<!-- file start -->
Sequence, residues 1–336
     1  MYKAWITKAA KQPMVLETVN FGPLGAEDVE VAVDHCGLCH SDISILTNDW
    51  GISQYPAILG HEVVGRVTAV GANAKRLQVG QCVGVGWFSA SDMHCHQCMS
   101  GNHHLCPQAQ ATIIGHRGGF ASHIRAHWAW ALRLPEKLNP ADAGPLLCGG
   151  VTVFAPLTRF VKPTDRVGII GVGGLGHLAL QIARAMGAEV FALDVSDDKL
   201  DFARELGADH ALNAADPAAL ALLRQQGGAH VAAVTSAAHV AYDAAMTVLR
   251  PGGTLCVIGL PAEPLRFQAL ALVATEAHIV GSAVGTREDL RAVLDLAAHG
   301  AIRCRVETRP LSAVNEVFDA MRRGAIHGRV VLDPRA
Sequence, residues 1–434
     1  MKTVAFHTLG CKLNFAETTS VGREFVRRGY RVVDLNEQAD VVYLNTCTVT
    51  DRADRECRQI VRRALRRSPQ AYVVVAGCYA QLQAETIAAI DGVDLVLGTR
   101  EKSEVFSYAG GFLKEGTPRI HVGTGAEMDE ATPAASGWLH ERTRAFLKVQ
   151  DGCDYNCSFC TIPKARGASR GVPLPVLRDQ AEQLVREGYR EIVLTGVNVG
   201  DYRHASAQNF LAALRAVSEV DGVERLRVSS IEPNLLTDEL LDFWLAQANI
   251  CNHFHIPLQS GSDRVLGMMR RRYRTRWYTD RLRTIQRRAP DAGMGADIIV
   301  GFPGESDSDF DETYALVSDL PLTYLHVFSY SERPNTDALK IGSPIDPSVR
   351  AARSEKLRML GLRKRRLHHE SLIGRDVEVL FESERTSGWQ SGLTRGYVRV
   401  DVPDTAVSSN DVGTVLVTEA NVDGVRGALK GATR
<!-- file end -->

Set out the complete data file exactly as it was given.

Sequence, residues 1–336
     1  MYKAWITKAA KQPMVLETVN FGPLGAEDVE VAVDHCGLCH SDISILTNDW
    51  GISQYPAILG HEVVGRVTAV GANAKRLQVG QCVGVGWFSA SDMHCHQCMS
   101  GNHHLCPQAQ ATIIGHRGGF ASHIRAHWAW ALRLPEKLNP ADAGPLLCGG
   151  VTVFAPLTRF VKPTDRVGII GVGGLGHLAL QIARAMGAEV FALDVSDDKL
   201  DFARELGADH ALNAADPAAL ALLRQQGGAH VAAVTSAAHV AYDAAMTVLR
   251  PGGTLCVIGL PAEPLRFQAL ALVATEAHIV GSAVGTREDL RAVLDLAAHG
   301  AIRCRVETRP LSAVNEVFDA MRRGAIHGRV VLDPRA
Sequence, residues 1–434
     1  MKTVAFHTLG CKLNFAETTS VGREFVRRGY RVVDLNEQAD VVYLNTCTVT
    51  DRADRECRQI VRRALRRSPQ AYVVVAGCYA QLQAETIAAI DGVDLVLGTR
   101  EKSEVFSYAG GFLKEGTPRI HVGTGAEMDE ATPAASGWLH ERTRAFLKVQ
   151  DGCDYNCSFC TIPKARGASR GVPLPVLRDQ AEQLVREGYR EIVLTGVNVG
   201  DYRHASAQNF LAALRAVSEV DGVERLRVSS IEPNLLTDEL LDFWLAQANI
   251  CNHFHIPLQS GSDRVLGMMR RRYRTRWYTD RLRTIQRRAP DAGMGADIIV
   301  GFPGESDSDF DETYALVSDL PLTYLHVFSY SERPNTDALK IGSPIDPSVR
   351  AARSEKLRML GLRKRRLHHE SLIGRDVEVL FESERTSGWQ SGLTRGYVRV
   401  DVPDTAVSSN DVGTVLVTEA NVDGVRGALK GATR